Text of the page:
Olafur Eliasson — is an artist, known for his extraordinary work with light. ‘The Weather Project’ at the Tate Modern’s Turbine Hall, perhaps one of his best known works that attracted over 2 million vistors. His New York Waterfalls Installation cost $15.5million. Olafur has a studio in Berlin where he employs a staff of 90. Everyday, his staff sit down to eat freshly cooked vegetarian food. The kitchen is at the heart of the studio. The daily communal lunch, Olafur believes, is about showing respect and hospitality to his staff. It is all about dignity. “Cooking,” says Olafur, is caring for others, it is a gesture of generosity and hospitality that functions as a social glue; it amplifies social relations and translates thoughts into food, into giving and sharing”. Don’t be fooled. Contemporary art is a very serious business. Caring for others — that is I believe the important learning here. Eliasson may only have 90 staff, but each and everyone is significant and important, the interplay of conversations generating ideas with a diverse team leads to new ideas, reinforces a sense of community, purpose and love for the work you do. Now this may not be quantified, but show me an unmotivated team and I will show you a paucity of ideas and endeavor. A broken business and business model even if management don’t know it yet.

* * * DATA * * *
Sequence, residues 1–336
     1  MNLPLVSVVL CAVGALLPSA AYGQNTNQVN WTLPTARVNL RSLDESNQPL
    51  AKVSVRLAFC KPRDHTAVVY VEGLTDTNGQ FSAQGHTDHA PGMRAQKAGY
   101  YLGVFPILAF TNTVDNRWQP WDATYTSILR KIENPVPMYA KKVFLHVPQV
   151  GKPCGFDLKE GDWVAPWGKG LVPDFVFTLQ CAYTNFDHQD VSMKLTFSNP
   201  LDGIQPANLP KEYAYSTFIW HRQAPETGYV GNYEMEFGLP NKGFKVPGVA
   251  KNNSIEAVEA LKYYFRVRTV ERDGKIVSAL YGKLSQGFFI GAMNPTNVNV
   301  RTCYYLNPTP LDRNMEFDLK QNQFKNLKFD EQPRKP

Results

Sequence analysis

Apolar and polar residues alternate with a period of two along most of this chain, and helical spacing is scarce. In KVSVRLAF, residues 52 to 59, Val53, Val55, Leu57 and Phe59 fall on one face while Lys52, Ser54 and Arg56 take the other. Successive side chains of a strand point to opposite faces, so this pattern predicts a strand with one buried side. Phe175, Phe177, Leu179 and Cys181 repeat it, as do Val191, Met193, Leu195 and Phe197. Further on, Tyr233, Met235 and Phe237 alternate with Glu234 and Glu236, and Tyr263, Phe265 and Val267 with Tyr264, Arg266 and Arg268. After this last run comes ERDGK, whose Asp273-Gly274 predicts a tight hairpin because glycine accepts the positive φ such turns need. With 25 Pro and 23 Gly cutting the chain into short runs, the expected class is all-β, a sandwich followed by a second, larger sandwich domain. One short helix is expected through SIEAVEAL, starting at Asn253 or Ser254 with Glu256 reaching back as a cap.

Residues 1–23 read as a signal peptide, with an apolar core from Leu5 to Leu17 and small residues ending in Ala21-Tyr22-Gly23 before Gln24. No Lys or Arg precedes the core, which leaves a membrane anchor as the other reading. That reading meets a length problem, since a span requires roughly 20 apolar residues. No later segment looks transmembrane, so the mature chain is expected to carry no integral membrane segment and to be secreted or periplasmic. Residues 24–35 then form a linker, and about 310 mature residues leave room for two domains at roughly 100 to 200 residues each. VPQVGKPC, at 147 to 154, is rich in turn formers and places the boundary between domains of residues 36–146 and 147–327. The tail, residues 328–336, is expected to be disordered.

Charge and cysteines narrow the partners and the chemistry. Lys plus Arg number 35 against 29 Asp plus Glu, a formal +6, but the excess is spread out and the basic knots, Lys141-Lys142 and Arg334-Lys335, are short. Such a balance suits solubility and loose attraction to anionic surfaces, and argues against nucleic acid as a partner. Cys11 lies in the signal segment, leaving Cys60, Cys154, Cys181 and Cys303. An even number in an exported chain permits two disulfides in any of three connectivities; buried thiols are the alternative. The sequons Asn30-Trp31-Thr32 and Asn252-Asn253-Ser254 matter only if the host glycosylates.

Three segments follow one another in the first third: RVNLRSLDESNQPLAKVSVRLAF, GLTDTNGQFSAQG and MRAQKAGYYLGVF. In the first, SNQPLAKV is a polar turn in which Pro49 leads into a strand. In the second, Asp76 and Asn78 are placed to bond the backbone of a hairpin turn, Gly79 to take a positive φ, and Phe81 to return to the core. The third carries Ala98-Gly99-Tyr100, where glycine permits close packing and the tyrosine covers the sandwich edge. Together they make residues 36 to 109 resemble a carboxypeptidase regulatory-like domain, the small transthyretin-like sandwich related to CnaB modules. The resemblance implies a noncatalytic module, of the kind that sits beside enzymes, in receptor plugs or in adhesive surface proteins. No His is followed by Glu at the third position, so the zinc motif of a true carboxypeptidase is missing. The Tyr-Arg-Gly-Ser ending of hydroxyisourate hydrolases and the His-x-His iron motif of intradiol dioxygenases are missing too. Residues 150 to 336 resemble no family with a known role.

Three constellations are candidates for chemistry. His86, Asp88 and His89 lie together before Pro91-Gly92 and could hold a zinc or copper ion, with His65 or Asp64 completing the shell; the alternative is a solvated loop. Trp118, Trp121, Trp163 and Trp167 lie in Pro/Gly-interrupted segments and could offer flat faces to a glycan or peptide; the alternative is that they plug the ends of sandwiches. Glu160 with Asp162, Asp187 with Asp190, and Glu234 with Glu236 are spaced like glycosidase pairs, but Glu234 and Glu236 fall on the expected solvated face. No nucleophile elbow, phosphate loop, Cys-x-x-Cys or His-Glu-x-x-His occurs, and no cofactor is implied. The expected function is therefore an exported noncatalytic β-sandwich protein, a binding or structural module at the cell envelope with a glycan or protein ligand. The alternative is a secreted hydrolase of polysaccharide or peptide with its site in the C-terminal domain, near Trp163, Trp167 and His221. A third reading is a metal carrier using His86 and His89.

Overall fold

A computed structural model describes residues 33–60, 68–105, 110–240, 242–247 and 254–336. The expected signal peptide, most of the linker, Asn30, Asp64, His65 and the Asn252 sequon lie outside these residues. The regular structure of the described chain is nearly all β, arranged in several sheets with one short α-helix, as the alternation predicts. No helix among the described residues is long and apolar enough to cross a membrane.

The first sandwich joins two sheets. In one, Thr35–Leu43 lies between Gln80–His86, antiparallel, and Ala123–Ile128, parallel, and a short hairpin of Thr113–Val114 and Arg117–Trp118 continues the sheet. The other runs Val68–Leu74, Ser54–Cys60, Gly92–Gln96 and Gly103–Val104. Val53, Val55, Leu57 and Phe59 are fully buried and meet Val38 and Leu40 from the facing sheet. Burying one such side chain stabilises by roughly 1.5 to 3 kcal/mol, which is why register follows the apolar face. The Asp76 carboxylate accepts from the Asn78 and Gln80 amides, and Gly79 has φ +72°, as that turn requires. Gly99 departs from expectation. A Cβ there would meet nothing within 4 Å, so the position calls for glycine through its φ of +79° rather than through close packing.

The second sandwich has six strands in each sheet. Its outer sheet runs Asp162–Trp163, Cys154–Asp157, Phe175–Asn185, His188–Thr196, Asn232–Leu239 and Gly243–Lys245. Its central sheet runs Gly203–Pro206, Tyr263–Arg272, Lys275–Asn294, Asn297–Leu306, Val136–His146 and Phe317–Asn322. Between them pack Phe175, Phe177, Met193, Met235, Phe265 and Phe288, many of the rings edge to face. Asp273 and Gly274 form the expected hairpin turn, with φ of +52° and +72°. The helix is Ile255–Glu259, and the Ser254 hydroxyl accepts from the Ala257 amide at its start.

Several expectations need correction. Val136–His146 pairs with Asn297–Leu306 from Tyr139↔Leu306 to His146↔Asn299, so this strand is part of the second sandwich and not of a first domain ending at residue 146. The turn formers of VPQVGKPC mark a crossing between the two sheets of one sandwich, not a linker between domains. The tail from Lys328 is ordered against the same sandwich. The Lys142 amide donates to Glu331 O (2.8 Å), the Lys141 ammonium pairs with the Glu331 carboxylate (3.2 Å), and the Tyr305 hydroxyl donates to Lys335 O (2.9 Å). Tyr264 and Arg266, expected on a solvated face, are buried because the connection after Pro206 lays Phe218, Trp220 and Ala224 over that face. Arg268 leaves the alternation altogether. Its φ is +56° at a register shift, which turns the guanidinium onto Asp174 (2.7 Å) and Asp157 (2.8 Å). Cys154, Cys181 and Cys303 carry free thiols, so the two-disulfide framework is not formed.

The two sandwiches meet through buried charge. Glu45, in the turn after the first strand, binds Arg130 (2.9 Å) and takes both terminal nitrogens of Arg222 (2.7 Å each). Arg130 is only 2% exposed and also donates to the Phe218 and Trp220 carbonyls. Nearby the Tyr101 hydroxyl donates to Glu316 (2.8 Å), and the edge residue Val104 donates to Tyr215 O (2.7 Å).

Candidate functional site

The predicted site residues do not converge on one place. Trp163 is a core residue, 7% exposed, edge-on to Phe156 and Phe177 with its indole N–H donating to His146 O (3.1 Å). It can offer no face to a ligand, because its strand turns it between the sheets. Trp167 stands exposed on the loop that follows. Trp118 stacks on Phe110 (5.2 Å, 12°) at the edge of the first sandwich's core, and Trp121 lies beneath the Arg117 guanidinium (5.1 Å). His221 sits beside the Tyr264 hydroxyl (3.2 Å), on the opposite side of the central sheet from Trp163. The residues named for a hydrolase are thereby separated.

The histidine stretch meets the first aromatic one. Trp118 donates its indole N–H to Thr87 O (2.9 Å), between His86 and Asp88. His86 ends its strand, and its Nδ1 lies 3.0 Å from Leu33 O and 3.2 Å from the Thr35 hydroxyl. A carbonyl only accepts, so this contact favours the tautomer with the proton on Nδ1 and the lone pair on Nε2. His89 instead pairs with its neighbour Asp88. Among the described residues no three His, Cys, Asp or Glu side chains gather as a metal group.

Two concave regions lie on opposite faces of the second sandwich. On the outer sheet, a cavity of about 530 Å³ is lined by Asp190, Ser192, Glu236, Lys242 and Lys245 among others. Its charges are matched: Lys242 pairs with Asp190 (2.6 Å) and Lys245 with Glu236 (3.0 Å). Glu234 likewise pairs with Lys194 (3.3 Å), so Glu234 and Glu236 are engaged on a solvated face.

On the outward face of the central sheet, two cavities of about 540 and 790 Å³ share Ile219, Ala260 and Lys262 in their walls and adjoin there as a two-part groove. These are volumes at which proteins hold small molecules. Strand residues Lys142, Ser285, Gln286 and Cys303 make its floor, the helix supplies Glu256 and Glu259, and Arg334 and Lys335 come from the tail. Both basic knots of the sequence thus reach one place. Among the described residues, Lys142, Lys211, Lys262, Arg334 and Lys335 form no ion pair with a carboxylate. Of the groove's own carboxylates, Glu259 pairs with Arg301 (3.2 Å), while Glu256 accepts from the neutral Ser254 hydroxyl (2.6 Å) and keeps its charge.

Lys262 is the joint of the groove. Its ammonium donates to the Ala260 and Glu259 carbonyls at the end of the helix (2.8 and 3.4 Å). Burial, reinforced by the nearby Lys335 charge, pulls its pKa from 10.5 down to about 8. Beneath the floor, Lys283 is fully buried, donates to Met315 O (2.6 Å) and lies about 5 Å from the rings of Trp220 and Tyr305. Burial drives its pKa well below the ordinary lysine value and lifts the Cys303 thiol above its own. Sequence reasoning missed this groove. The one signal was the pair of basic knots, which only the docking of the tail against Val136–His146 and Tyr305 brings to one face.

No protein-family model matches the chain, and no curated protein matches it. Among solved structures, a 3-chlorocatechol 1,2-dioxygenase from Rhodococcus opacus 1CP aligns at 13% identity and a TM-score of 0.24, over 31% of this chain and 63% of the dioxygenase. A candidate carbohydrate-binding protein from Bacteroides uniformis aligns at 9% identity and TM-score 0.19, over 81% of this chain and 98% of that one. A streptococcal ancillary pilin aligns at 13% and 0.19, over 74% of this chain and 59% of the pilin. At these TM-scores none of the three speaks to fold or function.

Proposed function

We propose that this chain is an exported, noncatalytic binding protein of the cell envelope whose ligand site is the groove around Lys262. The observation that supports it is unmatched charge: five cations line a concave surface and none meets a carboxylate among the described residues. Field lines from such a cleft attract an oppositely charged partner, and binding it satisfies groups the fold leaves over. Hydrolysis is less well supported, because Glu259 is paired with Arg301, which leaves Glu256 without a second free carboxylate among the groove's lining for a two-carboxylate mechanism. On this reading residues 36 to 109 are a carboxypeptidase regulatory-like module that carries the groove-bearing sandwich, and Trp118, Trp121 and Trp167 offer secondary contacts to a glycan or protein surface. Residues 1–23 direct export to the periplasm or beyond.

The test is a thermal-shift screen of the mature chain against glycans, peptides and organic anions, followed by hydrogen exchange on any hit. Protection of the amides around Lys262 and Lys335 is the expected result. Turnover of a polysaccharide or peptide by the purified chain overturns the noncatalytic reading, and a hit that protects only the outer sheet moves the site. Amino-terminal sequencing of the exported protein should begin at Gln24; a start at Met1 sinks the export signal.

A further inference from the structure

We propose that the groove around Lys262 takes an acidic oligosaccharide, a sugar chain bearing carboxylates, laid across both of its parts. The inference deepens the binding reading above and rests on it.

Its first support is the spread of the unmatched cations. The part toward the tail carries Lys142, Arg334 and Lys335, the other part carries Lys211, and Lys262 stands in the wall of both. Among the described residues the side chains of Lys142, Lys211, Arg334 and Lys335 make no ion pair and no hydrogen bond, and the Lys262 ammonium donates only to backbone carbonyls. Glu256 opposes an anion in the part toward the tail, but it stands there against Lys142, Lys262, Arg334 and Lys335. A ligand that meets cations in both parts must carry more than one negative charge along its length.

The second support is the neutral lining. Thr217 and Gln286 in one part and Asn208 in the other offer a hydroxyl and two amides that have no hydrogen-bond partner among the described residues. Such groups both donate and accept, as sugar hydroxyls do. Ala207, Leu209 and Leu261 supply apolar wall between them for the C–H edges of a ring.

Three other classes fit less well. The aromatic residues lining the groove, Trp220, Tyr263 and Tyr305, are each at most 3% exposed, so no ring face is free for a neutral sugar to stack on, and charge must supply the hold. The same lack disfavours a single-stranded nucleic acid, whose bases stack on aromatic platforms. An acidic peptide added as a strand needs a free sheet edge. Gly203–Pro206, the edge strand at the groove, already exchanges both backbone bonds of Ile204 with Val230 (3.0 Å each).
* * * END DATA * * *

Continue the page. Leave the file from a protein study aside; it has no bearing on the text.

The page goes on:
Legacy as leadership
Interface was founded by Ray C. Anderson and incorporated as a company in 1973. It invented the concept of tessellating carpet tiles meeting the need of an economy that fell in love with Big. Big economy, Big companies, Big offices, Big financial returns. Think Dallas South Fork. In 1978 Interface sales had reached $11 million. The company went public in 1983. It is now a Fortune 100 company with a market cap of $1.53bn
Interface was not a good friend to the environment – extraction of natural resources the processes of manufacturing contributing to CO2, and pollution and the inability to recycle where everything ended up in landfill. Ray decided things had to change, he went to his institutional investors, and shared his vision of a company that would be fully sustainable by 2020 — the response, ‘great, but can it make money?’ Ray initiated the progamme and then sadly died, however, his vision and purpose thrived. What a legacy.